• East Asia,  India & Himalayas

    Mongolian Buddhist mask

    Mongolia, once the second largest empire in the world, is north of both Tibet and China. So the prominent religion of Buddhism is shared with Tibet, and the Mahakala mask is also made for ceremony in Mongolia. This is a good example of the northern version of this famous mask. Can you tell the difference? It is very close, so I have archived this mask under both “East Asia” and “India & Himalayas.” Here is a little more history. Since time immemorial Mongolia has been occupied by tribes whose nomadic existence was dictated by the rugged topography and extreme climate of this vast region. More often fragmented than unified, these…

  • India & Himalayas

    9 Mahakalas on 1 plaque

    Q:  Here are some pictures and info about a wood mask. I bought it at an estate sale in Maine a week ago. The mask is light in weight. Has a red wax seal on back. Mask measures 20 inches high X 13 inches width X 6 inches depth. Can you give me some info on it? Joel, 1396 A:  This is a decorative wall hanging from Nepal. The use of Mahakala masks and the red wax seal tell us where it was made. The Indians south of Nepal use 10-headed masks of King Ravana for their Chau dances, but I’ve not heard of 9 Mahakalas. I believe this unusual…

  • India & Himalayas

    Himalayan shaman’s mask

    This Nepalese tribal mask is a crude version of a traditional Buddhist  monk’s.  A village shaman in the Middle Hills region of Nepal would have carved this hardwood by himself in order to perform healing, initiation and other rites. The underlying animist presence among shaman, which is clearly demonstrated here, is a significant contributing factor to the design of this mask. It shows evidence of having had much use, with a natural patina derived exclusively from being handled over many years. That’s animal hair glued to the chin. It is very old. The higher altitude of the Himalayan region greatly contributes to the preservation of wooden objects like this, whose…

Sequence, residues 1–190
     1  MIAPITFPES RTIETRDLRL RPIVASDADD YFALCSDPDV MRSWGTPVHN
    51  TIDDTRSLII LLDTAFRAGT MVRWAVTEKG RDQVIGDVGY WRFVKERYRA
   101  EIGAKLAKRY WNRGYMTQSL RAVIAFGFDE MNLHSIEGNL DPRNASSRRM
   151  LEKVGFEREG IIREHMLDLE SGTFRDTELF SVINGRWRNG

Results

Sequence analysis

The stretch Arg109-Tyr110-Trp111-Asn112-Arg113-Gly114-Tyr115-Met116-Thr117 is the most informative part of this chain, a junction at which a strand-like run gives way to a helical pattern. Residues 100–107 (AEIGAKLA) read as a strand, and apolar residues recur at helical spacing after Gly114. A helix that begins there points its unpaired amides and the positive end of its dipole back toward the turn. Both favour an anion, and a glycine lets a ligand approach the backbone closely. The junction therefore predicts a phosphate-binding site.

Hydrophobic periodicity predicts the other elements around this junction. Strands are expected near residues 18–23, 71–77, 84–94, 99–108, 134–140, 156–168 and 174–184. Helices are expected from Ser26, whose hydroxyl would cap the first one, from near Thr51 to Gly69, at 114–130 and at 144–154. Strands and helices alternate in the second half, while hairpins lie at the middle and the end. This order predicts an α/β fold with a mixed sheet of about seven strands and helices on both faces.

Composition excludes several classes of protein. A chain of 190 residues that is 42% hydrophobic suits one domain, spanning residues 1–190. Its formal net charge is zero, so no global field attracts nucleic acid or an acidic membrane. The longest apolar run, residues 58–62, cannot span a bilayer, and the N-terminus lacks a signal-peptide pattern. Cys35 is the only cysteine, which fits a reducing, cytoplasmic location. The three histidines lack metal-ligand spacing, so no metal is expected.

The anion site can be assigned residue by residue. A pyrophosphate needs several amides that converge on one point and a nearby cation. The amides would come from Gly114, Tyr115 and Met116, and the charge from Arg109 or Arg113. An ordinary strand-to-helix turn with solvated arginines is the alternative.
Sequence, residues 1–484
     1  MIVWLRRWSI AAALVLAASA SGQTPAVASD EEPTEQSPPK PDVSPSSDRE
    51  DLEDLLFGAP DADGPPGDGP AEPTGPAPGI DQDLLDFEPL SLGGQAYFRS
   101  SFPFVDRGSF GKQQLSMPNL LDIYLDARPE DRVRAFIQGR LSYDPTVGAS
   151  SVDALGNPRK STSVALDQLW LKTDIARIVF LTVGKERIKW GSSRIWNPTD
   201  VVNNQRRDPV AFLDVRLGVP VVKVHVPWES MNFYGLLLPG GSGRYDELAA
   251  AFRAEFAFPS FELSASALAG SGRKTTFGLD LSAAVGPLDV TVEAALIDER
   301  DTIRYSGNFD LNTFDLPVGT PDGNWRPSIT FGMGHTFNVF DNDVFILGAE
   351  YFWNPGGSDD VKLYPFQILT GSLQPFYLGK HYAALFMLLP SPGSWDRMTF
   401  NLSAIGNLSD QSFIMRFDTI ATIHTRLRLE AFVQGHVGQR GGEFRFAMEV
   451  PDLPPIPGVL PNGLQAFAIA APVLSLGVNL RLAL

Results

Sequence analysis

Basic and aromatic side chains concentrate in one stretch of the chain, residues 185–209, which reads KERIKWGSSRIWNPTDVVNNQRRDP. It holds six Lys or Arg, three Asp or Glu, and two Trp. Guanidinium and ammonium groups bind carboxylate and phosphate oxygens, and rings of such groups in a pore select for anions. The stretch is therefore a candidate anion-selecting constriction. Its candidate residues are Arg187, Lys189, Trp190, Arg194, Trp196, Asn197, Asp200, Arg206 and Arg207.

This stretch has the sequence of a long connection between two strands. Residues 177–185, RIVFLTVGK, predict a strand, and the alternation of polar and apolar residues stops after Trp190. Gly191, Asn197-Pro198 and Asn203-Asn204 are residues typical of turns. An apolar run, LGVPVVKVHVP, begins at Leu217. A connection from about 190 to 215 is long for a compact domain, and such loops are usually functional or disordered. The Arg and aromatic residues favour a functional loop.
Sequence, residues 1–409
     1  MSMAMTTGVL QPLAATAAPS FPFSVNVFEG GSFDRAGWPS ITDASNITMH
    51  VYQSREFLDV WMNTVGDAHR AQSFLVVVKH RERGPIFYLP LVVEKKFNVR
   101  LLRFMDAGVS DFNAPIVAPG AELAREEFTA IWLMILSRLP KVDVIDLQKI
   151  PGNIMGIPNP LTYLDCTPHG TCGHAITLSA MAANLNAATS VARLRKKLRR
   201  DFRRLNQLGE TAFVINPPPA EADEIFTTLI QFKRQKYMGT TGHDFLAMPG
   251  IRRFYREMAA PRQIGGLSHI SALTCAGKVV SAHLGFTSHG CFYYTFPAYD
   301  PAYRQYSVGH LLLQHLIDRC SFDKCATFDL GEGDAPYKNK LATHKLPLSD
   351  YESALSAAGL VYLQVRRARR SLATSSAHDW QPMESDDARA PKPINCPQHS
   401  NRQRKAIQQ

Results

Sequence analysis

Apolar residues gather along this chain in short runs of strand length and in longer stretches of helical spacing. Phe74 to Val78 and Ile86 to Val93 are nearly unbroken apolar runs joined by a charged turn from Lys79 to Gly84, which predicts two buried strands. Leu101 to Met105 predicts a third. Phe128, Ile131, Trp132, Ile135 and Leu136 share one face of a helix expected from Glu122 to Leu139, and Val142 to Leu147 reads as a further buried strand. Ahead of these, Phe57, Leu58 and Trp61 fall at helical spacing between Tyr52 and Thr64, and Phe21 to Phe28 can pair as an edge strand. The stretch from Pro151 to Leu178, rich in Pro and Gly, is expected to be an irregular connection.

• India & Himalayas

    Kali masks from India

    Here is what the Second Face Museum has to say about the first Kali mask… The Gambhira Dance is an agricultural religious dance originating in Bangladesh and West Bengal, India by devotees of Shakti, also known as Durga, a female god created by the combined energies of all other gods to destroy the tyranny of demons called asuras. Ghambira dance is performed to music of the same name. The two main characters are a grandfather and grandson, with the former narrating a story involving social and political issues during the dancing and singing. Masqueraders representing gods, animals, and important characters act out the elements of the story. This mask represents…

  • India & Himalayas

    Special Mahakala mask from Himalayas

    Q:  I purchased this mask 20 years ago in an antique shop here in Portugal. I have taken good care of it, it looks +/- as it did at the time of purchase. It has a seal on the inside. The gold paint has been painted over  what used to be yellow. I was under the impression it was a Thai mask but after checking your website I believe it might be Balinese?  Duarte, 1337 A:  Mahakalas come in many styles. This larger one with its mustache and other interesting details is not like any I have seen before. It may have been used in culture because no attempt at…